· Accuracy. Data may not have been accurate to begin with or it may be outdated. Data can be inaccurate because someone purposely provided false information or because the mechanism is inherently flawed. Survey replies can have both problems: people lie for various reasons and they may not actually know the correct answers. Even seemingly objective data can be incorrect: a simple temperature reading may inaccurate because the thermometer was miscalibrated, someone read it wrong, or the scale was Celsius rather than Fahrenheit. Errors can also be introduced after the data is captured, such as incorrect conversions (e.g., inflation adjustments used to create “constant dollar” values) or incorrect aggregation (e.g., customer value statistics that do not associate transactions with the correct customers). In our demand generation example, statistics on search volume were highly inaccurate because the counts for some terms included results that were clearly irrelevant. As with other factors listed here, you need to determine the level of accuracy that’s required for your specific purpose and assess whether the particular source is adequate.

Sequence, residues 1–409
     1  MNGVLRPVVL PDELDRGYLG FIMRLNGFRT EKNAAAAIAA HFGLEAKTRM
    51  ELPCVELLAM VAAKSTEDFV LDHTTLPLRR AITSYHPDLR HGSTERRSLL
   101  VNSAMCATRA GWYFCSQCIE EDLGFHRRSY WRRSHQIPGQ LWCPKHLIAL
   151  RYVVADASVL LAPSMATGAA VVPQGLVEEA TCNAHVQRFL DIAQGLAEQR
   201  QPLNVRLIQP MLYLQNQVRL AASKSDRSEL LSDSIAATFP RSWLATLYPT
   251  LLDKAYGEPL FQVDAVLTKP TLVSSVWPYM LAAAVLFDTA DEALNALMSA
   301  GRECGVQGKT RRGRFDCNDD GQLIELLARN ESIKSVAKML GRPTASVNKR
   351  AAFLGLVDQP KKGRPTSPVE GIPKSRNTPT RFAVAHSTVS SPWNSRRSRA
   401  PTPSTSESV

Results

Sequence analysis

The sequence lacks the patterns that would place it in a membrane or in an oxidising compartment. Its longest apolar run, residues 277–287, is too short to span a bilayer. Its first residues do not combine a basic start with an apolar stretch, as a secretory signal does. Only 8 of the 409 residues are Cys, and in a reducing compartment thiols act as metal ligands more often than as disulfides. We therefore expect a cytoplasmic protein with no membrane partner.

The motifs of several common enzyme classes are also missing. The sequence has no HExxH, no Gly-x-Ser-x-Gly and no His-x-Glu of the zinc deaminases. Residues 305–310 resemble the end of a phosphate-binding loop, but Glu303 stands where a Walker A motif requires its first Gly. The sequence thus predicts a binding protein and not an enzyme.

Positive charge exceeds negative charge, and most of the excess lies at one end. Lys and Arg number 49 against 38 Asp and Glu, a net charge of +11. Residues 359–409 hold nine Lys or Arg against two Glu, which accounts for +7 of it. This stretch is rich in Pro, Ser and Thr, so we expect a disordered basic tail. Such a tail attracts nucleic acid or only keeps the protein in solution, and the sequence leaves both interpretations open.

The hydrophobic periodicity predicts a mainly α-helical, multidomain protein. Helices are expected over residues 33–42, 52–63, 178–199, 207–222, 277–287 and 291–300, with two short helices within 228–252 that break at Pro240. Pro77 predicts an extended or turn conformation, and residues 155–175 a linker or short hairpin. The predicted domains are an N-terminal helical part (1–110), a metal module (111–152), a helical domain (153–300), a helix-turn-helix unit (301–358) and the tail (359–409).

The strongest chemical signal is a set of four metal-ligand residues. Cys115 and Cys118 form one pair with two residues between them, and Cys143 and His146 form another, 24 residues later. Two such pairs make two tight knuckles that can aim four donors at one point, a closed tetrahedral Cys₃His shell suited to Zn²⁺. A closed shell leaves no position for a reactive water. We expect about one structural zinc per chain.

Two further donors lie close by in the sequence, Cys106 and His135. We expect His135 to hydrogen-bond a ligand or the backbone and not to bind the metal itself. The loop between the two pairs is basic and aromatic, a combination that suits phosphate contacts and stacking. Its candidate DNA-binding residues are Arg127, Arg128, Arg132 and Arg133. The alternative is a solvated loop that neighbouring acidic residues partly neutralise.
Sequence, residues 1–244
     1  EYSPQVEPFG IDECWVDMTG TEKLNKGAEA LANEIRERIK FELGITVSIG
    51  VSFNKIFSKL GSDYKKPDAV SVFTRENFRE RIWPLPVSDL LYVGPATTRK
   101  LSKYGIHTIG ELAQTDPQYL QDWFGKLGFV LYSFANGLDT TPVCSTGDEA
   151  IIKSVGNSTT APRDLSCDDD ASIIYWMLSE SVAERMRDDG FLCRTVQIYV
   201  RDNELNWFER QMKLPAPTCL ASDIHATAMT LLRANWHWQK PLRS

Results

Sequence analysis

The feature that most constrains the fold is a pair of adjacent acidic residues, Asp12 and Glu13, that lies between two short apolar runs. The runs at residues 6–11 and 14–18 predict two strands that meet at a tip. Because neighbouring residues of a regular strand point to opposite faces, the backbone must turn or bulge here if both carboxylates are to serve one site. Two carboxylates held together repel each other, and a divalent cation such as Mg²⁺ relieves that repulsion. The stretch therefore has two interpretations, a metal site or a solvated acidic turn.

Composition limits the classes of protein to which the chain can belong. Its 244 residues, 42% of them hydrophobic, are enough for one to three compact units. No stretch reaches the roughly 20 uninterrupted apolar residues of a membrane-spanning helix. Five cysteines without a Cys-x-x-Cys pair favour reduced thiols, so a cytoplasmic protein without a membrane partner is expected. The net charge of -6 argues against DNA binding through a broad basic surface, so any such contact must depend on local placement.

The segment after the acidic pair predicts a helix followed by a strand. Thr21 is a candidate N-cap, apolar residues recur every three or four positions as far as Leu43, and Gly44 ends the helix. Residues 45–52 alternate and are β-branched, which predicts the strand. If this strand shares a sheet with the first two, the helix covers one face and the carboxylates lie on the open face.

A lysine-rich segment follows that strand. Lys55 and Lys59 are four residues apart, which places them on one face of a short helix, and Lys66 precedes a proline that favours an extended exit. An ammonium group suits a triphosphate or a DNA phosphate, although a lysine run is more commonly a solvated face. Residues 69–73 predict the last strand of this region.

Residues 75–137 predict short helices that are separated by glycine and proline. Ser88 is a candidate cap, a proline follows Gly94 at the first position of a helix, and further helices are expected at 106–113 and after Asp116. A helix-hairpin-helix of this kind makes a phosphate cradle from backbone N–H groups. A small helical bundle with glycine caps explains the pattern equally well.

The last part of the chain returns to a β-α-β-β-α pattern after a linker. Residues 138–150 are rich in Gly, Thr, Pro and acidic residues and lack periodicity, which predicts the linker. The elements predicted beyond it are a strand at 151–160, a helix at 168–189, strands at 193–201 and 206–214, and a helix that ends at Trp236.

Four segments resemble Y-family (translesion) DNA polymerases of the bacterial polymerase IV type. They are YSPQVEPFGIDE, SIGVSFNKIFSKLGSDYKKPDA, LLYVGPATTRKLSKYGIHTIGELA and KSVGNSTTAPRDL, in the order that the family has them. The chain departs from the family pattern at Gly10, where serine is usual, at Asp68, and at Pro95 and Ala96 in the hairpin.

· Consistency. Individually accurate items can be collectively incorrect. To continue with the thermometer example, readings from some stations may be in Celsius and others in Fahrenheit, or readings from a single station may have changed from Fahrenheit to Celsius over time. This particular difference would be obvious to anyone examining the data, although it could easily be overlooked in a large data set that combined information from many sources. Other inconsistencies are much more subtle, such as changes in wording of survey questions or the collection mechanism (e.g., media consumption diaries vs. automated “people meters”). As with coverage, it’s important to understand any bias introduced by these factors. In our demand generation analysis, used several different techniques to measure Web traffic, and it appeared that these yielded inconsistent results for sites with different traffic levels.